Alice's Adventures in Wonderland and Through the Looking-Glass are two of the most famous, translated, and quoted books in the world. What began as a simple tale told by eccentric Oxford mathematician Charles Dodgson (better known as Lewis Carroll) to Alice Liddell, daughter of the Dean of Christ Church, become a worldwide phenomenon. Fostering film adaptations and retellings, and influencing countless other works, the Alice books have a deeply cherished place in popular culture. Known for their oddities and absurdities, the books have been endlessly interpreted and analyzed for symbolism and hidden messages.
Peter Hunt cuts away the psychological speculation that has grown up around the Alice
books, and instead traces the historical sources of their multilayered in-jokes and political, literary, and philosophical satire. He situates the books in the history of children's literature and explores the local and personal references that the real Alice would have understood. Equally fascinating are the rich fragments about everything from the "sensation" novel to Darwinian theory--not to mention Dodgson's personal feelings--that he wove into the books as they developed.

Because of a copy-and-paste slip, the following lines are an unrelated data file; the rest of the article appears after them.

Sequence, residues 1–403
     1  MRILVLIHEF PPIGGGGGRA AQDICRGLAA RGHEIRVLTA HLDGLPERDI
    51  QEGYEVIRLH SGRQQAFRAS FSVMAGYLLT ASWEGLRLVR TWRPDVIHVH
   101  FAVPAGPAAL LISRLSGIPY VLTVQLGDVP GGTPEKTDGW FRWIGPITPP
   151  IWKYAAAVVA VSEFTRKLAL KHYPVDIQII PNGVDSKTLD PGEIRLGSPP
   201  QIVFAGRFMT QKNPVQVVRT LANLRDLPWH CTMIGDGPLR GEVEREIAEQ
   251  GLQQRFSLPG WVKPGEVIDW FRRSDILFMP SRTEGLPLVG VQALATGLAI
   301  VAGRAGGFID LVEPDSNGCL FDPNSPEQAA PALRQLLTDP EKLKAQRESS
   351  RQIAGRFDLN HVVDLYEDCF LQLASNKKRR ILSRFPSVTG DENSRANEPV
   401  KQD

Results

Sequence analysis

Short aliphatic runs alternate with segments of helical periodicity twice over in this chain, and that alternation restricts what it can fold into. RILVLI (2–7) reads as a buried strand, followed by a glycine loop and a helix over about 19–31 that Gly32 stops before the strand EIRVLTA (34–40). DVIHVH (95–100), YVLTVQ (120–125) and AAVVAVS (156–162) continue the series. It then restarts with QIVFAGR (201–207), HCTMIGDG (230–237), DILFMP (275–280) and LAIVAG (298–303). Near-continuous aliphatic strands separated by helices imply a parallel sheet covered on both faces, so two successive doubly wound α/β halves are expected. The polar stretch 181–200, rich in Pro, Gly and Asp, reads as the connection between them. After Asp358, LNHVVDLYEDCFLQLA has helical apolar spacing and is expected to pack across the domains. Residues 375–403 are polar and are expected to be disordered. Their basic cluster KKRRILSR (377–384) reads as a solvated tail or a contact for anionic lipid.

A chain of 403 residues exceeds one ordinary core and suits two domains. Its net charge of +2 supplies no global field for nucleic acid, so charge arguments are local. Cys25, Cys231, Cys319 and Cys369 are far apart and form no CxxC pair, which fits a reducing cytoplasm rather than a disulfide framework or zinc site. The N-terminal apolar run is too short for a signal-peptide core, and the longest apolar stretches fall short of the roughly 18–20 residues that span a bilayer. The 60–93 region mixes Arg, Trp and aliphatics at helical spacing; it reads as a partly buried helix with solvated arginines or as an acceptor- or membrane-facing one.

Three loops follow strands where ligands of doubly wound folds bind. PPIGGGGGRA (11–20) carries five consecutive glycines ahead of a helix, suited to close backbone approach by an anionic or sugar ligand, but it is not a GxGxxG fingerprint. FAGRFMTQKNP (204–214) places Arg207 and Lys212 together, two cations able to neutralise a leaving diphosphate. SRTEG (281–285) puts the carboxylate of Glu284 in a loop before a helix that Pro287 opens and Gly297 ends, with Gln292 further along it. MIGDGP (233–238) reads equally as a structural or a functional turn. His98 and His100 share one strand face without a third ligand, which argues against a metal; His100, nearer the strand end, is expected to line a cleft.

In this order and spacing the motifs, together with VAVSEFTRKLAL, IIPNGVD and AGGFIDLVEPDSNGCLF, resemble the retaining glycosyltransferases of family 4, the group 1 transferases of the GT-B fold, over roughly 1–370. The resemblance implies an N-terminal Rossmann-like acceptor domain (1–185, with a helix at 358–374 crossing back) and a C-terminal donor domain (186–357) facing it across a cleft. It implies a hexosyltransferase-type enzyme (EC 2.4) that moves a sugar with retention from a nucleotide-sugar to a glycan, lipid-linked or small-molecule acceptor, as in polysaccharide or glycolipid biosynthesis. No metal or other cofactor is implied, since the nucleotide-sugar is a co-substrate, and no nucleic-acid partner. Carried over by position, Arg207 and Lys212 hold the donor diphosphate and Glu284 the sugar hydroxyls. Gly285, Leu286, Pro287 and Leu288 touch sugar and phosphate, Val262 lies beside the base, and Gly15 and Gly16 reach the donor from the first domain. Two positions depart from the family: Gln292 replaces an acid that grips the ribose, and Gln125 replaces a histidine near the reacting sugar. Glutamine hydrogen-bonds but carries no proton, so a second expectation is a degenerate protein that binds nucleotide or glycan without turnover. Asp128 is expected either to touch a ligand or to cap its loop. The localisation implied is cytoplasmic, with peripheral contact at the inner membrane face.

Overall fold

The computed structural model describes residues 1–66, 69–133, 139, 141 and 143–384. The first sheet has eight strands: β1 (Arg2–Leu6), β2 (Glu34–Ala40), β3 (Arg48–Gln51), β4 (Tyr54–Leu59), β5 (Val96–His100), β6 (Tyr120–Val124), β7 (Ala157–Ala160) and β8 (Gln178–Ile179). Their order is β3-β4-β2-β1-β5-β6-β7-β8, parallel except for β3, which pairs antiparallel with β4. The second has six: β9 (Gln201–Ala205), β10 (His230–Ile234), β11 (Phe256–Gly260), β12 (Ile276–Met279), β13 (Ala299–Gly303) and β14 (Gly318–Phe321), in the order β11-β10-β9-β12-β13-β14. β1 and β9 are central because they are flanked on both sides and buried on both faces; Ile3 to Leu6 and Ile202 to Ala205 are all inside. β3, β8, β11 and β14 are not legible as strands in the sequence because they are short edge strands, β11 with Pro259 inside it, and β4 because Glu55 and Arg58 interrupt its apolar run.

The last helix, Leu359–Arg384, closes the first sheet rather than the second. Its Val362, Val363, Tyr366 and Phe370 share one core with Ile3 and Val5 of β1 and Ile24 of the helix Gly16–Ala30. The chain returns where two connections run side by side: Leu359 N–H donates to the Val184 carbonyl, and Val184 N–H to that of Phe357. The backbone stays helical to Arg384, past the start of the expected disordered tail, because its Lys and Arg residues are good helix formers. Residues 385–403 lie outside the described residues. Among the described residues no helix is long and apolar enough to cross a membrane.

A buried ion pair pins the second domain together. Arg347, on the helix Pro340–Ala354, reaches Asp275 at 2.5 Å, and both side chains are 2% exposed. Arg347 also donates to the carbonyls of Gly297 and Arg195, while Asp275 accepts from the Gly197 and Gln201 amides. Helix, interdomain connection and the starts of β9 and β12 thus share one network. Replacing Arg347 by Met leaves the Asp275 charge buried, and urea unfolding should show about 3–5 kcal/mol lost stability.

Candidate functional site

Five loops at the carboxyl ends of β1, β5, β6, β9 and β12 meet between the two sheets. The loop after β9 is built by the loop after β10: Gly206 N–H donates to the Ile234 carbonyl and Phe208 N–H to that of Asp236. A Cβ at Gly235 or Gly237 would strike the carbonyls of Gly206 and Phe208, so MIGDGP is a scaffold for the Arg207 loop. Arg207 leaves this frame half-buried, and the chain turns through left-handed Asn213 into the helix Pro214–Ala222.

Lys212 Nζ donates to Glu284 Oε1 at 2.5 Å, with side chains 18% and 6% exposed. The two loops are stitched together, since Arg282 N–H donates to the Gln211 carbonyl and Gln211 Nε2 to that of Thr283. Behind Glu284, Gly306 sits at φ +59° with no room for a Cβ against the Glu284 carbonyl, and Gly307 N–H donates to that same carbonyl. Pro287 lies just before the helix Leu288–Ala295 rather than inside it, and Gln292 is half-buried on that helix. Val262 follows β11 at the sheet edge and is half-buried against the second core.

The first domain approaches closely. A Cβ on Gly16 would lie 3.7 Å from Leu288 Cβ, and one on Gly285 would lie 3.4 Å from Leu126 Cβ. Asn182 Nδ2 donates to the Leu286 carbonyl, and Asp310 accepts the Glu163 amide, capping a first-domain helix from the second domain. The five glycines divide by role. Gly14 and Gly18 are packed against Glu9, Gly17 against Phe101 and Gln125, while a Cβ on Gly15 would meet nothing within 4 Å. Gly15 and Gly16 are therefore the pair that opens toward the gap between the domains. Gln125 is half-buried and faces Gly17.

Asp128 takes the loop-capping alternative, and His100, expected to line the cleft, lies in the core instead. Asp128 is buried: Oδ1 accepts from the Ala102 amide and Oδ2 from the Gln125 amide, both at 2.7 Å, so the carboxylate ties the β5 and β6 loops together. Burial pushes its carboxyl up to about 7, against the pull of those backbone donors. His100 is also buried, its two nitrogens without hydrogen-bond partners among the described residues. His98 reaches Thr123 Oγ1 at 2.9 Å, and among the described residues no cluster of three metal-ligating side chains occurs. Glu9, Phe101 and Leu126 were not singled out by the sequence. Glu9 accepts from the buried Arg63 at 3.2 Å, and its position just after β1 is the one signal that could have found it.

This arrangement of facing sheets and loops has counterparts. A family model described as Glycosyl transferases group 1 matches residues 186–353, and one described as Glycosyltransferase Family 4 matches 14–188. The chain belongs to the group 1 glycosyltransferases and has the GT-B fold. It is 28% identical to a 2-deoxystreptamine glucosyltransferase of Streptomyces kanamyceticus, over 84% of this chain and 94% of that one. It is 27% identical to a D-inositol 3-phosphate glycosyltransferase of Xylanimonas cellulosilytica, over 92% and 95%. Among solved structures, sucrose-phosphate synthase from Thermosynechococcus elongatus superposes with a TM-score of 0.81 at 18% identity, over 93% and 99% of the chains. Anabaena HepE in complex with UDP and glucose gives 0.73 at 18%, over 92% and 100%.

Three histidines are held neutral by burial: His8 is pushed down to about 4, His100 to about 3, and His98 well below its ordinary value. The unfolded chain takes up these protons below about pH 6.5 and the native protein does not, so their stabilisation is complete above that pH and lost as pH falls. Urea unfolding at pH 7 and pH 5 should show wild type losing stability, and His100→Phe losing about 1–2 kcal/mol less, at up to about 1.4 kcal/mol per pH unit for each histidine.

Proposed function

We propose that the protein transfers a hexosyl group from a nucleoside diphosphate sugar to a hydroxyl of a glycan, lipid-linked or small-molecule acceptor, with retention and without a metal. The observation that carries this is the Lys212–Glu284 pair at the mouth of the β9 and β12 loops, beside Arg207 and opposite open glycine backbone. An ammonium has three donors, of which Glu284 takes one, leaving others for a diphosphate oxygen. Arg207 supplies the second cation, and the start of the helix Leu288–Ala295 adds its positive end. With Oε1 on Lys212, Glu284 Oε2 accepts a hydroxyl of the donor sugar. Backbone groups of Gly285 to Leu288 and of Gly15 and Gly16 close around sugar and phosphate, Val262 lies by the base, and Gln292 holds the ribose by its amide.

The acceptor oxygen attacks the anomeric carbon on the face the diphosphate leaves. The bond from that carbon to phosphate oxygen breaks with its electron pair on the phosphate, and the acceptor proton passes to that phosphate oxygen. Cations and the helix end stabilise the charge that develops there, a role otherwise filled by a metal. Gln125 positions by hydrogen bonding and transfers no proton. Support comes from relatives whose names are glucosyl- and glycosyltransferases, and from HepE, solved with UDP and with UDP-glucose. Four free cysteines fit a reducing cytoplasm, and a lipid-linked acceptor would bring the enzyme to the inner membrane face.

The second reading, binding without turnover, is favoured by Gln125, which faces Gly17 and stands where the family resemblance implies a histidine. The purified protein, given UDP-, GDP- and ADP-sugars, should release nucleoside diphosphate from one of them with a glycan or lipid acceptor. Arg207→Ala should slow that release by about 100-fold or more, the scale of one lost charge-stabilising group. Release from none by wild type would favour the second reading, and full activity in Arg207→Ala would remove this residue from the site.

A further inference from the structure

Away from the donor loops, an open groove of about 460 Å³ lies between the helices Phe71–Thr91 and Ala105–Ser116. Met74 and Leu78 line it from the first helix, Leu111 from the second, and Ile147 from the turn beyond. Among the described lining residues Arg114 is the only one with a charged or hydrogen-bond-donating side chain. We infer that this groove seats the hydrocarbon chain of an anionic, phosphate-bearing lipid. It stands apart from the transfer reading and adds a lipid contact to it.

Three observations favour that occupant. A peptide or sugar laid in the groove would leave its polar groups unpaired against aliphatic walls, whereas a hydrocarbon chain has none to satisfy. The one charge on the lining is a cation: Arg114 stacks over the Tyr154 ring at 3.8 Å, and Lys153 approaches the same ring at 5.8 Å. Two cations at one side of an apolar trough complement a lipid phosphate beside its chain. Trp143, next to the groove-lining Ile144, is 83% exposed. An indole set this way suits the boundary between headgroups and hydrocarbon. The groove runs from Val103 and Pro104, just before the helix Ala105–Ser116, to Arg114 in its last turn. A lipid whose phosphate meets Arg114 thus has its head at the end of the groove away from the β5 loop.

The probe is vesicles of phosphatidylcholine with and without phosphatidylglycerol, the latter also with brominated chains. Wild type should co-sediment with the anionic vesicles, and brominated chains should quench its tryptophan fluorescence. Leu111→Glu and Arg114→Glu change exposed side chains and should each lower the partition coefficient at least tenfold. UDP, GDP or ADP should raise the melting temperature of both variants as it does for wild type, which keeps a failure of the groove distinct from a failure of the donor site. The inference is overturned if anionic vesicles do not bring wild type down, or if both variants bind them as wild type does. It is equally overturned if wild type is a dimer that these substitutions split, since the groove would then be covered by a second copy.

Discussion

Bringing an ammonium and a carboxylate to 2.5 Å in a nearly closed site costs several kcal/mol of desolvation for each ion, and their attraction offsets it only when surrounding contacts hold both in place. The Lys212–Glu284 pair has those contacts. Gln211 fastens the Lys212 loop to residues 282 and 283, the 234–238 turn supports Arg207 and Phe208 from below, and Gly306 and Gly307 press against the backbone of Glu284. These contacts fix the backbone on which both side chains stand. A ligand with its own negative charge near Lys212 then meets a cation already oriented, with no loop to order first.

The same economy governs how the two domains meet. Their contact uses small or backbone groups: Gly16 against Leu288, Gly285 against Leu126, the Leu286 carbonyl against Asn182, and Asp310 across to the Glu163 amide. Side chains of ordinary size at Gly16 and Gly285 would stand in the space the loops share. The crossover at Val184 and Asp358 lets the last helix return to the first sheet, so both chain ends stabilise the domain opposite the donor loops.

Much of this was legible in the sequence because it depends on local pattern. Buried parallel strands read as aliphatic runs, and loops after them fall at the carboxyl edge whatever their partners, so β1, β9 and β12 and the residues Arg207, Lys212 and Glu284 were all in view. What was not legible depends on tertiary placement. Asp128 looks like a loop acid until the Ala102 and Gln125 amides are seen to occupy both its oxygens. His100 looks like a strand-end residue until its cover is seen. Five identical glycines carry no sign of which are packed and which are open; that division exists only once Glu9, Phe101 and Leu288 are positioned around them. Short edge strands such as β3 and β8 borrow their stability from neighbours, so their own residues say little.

Illustrated with manuscripts, portraits, Sir John Tenniel's original line drawings for the first editions, and contemporary photographs, this is an innovative look at two remarkable stories. The Making of Lewis Carroll's Alice and the Invention of Wonderland
takes us on a guided tour from the treacle wells of Victorian Oxford through an astonishing world of politics, philosophy, humor, and nightmare.